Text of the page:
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updated: 8/29/2013 10:31 AM

Libertyville hires help to battle emerald ash borer

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  • An estimated 350 to 400 ash trees have been removed in Libertyville since the emerald ash borer was confirmed in June 2010.

       An estimated 350 to 400 ash trees have been removed in Libertyville since the emerald ash borer was confirmed in June 2010.
    Steve Lundy | Staff Photographer, 2010

 
 

Libertyville has opted for outside help in the continuing battle against the tree killing emerald ash borer.

Village officials for the first time have earmarked funds specifically to hire a contractor to remover larger trees that have been infected by the emerald ash borer, an indication of the continued march of the beetle.

"This is not stuff that the staff can't handle," explained Jim Barlow, parks superintendent. "We can't remove the trees like we want to plus these."

The village board on Tuesday approved a contract for $47,300 with Clean Cut Tree Service of Grayslake to remove 43 of the largest diameter trees by Oct. 15.

The emerald ash borer, which has spread throughout the Chicago area, was first confirmed in Libertyville three years ago. Since then, village staff has removed 350 to 400 ash trees mainly south and west for Route 176 and Milwaukee Avenue.

"We're seeing a lot more activity, a lot more (ash tree) deaths throughout town but that is the worst area," Barlow said.

But with an estimated 3,000 ash trees remaining in parkways and another 2,000 in parks or other village land, there is a long way to go. Barlow estimates the village could be battling the pest for the next six to 10 years.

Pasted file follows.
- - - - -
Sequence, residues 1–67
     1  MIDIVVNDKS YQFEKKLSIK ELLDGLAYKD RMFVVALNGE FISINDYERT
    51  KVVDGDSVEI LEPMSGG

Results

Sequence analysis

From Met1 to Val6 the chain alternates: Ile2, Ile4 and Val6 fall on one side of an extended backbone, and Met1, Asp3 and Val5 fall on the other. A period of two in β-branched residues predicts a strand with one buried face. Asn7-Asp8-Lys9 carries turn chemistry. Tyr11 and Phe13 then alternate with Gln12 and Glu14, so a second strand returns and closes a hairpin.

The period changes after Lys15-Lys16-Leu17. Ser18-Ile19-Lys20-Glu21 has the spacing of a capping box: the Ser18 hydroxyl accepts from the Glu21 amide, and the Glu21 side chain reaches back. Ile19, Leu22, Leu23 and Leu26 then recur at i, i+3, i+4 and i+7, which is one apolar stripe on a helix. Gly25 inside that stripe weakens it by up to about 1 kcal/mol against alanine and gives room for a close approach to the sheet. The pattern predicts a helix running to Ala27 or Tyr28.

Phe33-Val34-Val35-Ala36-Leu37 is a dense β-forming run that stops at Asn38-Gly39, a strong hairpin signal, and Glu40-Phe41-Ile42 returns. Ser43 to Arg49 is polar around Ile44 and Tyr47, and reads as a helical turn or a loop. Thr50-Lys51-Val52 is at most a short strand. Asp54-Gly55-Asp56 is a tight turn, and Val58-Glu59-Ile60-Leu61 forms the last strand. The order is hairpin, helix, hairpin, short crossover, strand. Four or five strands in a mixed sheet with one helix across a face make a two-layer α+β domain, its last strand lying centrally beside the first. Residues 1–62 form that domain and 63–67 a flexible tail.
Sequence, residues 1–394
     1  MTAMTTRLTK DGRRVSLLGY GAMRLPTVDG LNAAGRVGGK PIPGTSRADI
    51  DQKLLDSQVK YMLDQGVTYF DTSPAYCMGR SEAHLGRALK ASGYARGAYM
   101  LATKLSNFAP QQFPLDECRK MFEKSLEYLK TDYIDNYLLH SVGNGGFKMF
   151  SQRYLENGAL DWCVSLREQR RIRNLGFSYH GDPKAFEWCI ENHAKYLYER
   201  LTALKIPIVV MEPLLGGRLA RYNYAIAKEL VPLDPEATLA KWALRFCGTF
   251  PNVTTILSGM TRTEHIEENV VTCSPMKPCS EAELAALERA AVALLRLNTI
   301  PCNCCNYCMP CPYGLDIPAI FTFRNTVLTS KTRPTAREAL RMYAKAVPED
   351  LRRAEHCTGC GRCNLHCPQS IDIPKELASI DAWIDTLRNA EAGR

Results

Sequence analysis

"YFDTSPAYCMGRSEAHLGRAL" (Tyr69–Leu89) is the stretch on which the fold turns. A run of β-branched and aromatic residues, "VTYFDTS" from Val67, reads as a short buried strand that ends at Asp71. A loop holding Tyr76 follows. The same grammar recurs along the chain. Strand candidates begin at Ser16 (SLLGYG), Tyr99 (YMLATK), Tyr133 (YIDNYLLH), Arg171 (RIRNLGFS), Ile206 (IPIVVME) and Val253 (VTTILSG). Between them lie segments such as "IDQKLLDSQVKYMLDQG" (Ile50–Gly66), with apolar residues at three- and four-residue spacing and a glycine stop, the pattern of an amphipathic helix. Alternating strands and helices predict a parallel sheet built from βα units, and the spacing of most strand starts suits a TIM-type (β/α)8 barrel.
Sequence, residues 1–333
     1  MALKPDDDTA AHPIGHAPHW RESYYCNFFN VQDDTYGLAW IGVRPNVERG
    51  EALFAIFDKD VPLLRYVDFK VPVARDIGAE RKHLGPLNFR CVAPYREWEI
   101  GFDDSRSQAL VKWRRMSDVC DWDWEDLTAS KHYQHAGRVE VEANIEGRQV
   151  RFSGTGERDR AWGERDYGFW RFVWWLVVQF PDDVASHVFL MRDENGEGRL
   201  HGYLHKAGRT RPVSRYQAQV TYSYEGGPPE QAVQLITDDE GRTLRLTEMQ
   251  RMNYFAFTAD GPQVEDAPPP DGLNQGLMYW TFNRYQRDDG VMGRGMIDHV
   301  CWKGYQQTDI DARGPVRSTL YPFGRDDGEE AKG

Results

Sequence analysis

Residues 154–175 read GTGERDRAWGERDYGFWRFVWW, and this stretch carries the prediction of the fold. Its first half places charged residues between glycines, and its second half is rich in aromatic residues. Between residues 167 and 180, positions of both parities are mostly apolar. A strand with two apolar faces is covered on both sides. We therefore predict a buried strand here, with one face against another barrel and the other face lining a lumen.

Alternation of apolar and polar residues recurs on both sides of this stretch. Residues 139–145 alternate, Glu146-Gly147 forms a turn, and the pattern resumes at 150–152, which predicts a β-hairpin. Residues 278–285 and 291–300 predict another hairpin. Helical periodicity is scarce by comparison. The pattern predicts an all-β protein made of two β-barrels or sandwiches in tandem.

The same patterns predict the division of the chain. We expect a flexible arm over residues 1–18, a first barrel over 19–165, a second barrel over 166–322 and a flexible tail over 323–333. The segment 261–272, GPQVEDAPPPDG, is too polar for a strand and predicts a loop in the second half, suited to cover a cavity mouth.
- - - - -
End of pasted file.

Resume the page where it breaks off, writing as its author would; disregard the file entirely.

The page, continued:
While the village will split the cost of planting a new tree with residents, there is nothing in place for the removal of dead trees. Mayor Terry Weppler said he has gotten several calls from residents asking the village to remove dead trees from the parkway.

With only about 300 trees removed a year, it will take awhile before all the work is done. He suggested the village split the cost with residents to remove trees, an idea that will be considered by a village board committee.

"As we've watched the last couple of years, these trees are dying very quickly and we haven't slowed that down as much as we would like," Weppler said during consideration of the Clean Cut contract.

That percentage could increase to 75 percent if the village receives a grant it has applied for, according to Barlow.

This is the second budget year in which village officials allocated funds specially for an emerald ash borer management program to treat or remove infected trees in public areas. The amount for the 2013-14 fiscal year, which began May 1, was $99,500.

"Every town around us is going through the same thing," Barlow said.

For example, about 760 ash trees have been removed since the beetle was confirmed in Vernon Hills, just a few months after it was found in Libertyville. There are about 3,500 ash trees on village property and officials estimate the majority of those that have not been treated will die as a result of the emerald ash borer in the next two or three years.

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